Provincial government defends hiring of controversial public servant
Central News Agency
2014-07-31 10:41 PM
Taipei, July 31 (CNA) The Taiwan Provincial Government Thursday defended the legality of its hiring this year a former official from the defunct Government Information Office (GIO) who was forced to step down years ago for derogatory comments about native Taiwanese. Kuo Kuan-ying, former secretary of the GIO branch in Toronto, was hired as the foreign affairs secretary of the Taiwan Provincial Government in February this year, shortly before his 65th birthday, sparking speculation that he got the job in order to secure a comfortable pension upon retiring.

"The Taiwan Provincial Government acted in line with the law and legal proceeding in hiring Kuo," contended Chien Chun-kan, deputy secretary of the nominal provincial government, which has little power and duty.

Kuo sparked public outrage in 2009 when it came to light that he was behind a series of political commentaries authored under the pseudonym Fan Lan-chin. In addition to comments defending the government's bloody crackdown of protesters during the 228 Incident in 1947, he drew fire for elitist remarks such as calling himself a "high-class mainlander" in contrast to the families who had lived in Taiwan for generations. He was dismissed from his post for "seriously undermining the reputation" of the government and civil servants in general. Kuo's hiring this year, just months before retirement age, is supported by the Civil Servants Retirement Act, which states that those born between January and June officially retire on July 16. That enables him to a monthly pension of up to NT$70,000 (US$2,329).

The Control Yuan, the highest government supervisory body, censured the Taiwan Provincial Government this month over his hiring. Chien, however, said Thursday that the censure did not say that the Taiwan Provincial Government broke the law, only that the hiring decision was "slapdash." On whether Kuo can claim his pension, Chien said the Ministry of Civil Service will study the matter and make the final decision. Outgoing Control Yuan member Chien Lin Hui-chun, whose term expired Thursday, said she will continue to pursue the case after stepping down. "As long as I live, I'll pursue it to the end," Chien Lin said.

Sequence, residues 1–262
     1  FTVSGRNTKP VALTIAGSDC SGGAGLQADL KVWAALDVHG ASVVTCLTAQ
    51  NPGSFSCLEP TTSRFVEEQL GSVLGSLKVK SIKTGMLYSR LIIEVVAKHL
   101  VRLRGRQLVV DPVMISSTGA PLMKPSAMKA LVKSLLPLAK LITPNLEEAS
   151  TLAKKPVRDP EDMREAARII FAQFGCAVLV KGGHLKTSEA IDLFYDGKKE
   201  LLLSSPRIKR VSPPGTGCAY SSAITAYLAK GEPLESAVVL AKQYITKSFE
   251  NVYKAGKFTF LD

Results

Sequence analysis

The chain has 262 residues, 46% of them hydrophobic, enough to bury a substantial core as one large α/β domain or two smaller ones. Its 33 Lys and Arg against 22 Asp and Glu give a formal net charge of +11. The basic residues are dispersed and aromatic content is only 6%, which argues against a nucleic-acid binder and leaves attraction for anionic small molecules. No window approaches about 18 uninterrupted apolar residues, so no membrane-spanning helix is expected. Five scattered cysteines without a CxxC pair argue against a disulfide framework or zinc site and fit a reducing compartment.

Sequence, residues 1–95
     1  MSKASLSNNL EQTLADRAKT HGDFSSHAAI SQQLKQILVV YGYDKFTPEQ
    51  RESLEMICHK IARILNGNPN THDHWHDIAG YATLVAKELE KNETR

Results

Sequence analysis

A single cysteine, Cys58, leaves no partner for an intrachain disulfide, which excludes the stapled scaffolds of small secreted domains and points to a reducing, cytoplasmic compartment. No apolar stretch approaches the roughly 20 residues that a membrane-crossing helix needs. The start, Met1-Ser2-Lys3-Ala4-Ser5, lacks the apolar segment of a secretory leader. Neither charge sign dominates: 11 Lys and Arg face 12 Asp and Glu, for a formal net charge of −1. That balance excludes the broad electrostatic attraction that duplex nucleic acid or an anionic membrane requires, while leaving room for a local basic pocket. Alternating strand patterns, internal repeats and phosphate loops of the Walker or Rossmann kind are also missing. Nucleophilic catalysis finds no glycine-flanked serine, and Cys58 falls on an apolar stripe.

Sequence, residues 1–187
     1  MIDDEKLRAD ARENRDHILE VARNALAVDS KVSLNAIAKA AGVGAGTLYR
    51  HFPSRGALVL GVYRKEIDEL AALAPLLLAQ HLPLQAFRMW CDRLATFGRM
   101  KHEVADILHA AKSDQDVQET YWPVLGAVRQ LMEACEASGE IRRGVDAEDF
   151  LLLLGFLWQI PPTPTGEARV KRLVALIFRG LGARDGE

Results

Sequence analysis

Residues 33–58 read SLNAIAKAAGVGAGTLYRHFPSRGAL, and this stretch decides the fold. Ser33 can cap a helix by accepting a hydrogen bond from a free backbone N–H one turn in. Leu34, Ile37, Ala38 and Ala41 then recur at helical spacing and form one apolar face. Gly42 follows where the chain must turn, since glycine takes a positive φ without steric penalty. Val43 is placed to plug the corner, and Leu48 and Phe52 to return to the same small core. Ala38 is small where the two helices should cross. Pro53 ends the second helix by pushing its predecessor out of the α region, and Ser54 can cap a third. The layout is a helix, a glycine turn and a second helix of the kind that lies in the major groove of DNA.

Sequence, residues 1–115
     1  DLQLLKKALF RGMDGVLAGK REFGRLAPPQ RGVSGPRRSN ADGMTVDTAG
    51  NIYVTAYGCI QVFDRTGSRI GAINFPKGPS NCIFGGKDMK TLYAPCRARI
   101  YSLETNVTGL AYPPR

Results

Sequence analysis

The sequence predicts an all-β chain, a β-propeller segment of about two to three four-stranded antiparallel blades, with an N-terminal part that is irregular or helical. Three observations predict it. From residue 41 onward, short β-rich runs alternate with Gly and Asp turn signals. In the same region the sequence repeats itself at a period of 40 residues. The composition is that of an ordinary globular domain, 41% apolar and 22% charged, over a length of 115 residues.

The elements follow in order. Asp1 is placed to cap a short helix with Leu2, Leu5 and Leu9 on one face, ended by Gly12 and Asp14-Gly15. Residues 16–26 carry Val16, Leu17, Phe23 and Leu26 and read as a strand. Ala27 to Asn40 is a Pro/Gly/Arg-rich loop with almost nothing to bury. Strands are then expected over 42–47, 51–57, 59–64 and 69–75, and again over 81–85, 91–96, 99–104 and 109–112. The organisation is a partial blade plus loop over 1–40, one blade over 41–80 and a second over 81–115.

"The hiring of Kuo was invalid in the first place," she argued, calling the process so "slapdash and flawed" that even the Ministry of Civil Service had taken note. She said that the Taiwan Provincial Government did not interview Kuo before hiring him but gave him the highest marks of any candidate regardless based on his "comprehensive education and experience." She argued that although hiring is up to the provincial government authorities, they should not abuse their power. Taiwan Province encompasses most of Taiwan proper except for the five special municipalities, including the capital, Taipei.

The provincial government was streamlined in 1998, after which its administrative duties have been almost entirely ceremonial. (By Hsieh Chia-chen, Huang Yi-han and Lilian Wu)

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